Elseif (FM i−1 −FM i)<STD(Fm)*5 Move focus forwards
The lower noise threshold will allow for only changing focus when needed and the upper threshold will prevent shifts due to singular anomalies going through the field of view (FOV).

Any small changes in focus caused by this algorithm should not be visible to the observer due to the fact that there will be small focus shifts which are very low. This small shift in focus will be visibly reduced by the use of a two dimensional (2-D) edge enhancement filter operating on the imagery. These 2-D edge enhancement filters are well known to those skilled in the art. The use of a sharpening filter will improve image quality substantially by reducing the middle and low frequency components of the image. Taking the local average of an image and subtracting a portion of it from the true image is how this is accomplished. Different kernel sizes are selected in order to perform edge enhancement at the proper frequency. The use of multiple kernels allows for a better approximation of the low frequency removal. A 2-D edge enhancement filter will reduce the low frequency content of the image and enhance the higher frequencies. This will reduce the observable effects of any slight shifts in focus.

The effects of the slight shift in focus would also be negligible. A small focus shift on the imagery going into many tracker algorithms will cause a minimal impact to tracker performance. Many edge based trackers blur the image with a 33 filter as an initial step and therefore they are not particularly sensitive to focus shifts.

Many correlation filters update their correlation maps with a recursive filter, which tends to have some blur in them as well.

A correlation tracker would very likely need to increase its update rate when a focus shift is determined to be needed. Therefore, the tracker should be notified of the fact that focus has been shifted and by how much.

FIG. 5 discloses an exemplary embodiment of an autofocus system. In FIG. 5, a means for receiving image data (e.g., input device 502) receives image data from a target 501. This data is then forwarded to a processing device 504. In the processing device 504, there are means for monitoring and analyzing the contrast between different portions of the image data. This information is used in determining the location of a target, where the different portions of the image data contain at least one type of image pixel information and where the monitoring and analyzing is performed using at least one kernel filter to determine a focus measure.

In the processing device 504, the autofocus algorithm is executed. In FIG. 5, storage media 506 is used to store any data, calculation results, targeting information, intermediary values or any other information that is needed by the processing device 504 during its operation. Although not shown in FIG. 5, those skilled in the art will appreciate that the processing device 504 may also have some storage capability and storage media built into it (e.g., RAM on a motherboard) and conversely, the storage media 506 may have some processing capability resident in it. The figure is intended to illustrate one exemplary embodiment of a system that can implement the autofocus methods disclosed in this specification. The processing device 504 is connected to the autofocus means 505 by a communication line 503 (the communication line can be bi-directional or unidirectional).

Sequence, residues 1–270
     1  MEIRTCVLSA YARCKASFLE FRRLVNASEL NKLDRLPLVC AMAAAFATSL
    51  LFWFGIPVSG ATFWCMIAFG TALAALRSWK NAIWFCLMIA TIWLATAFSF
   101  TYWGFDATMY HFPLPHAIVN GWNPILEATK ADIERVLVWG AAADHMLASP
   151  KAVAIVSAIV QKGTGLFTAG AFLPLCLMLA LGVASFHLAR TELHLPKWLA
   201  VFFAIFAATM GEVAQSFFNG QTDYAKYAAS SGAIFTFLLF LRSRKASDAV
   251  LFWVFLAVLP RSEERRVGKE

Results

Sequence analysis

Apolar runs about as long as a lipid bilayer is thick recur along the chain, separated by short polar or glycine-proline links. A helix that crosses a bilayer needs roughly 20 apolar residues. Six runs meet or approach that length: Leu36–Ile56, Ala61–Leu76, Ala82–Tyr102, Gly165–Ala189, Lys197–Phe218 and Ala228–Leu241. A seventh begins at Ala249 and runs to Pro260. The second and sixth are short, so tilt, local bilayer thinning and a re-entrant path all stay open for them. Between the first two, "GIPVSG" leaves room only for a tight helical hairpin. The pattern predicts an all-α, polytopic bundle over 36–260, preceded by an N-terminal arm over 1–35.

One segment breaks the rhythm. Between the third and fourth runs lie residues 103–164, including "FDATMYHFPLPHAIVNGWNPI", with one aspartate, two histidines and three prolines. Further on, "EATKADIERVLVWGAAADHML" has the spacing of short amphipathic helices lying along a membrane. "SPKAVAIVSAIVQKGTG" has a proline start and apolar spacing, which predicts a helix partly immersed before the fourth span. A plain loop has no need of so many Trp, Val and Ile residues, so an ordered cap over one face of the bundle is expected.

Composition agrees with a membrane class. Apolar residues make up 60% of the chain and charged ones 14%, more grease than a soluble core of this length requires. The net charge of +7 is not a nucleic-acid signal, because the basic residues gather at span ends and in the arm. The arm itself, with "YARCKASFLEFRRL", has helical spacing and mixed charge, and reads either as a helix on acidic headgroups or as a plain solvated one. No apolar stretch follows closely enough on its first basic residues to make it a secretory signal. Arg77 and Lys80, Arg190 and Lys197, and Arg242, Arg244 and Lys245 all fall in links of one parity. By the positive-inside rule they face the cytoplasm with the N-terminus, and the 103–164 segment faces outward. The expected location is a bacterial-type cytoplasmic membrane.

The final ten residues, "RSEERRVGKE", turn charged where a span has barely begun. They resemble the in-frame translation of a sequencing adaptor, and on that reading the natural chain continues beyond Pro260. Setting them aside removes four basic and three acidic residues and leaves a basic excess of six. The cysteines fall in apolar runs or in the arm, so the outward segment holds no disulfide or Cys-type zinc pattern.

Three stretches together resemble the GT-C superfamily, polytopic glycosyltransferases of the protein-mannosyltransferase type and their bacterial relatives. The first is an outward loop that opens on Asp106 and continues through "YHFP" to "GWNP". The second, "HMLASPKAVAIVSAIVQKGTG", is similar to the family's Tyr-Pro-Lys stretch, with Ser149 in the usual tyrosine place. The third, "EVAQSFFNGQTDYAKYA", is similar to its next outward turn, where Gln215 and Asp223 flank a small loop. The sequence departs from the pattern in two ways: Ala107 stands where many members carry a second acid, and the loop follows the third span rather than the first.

The autofocus system 500 also contains autofocus means 505 that inlcudes devices that are used to adjust focus. The autofocus means controls any focus related devices or systems that are used to change the focus. For example, in one embodiment, the autofocus means 505 may control optics or optical systems, such as lenses, mirrors, microelectromechanical (MEMS) actuators, etc.

The autofocus system 500 observes an image quality of the image data that has been focused. An image is continuously output 508 to support an image processing frame rate and the focus is adjusted to obtain an improved focus image by adjusting the autofocus means 505 in a positive direction, a negative direction or a zero (0) direction based upon effectuating a desired change in the observed image quality of the image data.

In one embodiment, the target information 501 can be processed 504 by a digital computer having a central processor or with distributed or multiple processors. However, any suitable processor for implementing the methods disclosed herein may be used, including analog or optical processing.

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Classifications
U.S. Classification348/353, 348/E05.045, 382/255
International ClassificationG03B13/36, H04N5/232
Cooperative ClassificationH04N5/23212
European ClassificationH04N5/232F
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Jul 25, 2002ASAssignment
Owner name: LOCKHEED MARTIN CORPORATION, FLORIDA
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Year of fee payment: 4
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Effective date: 20150306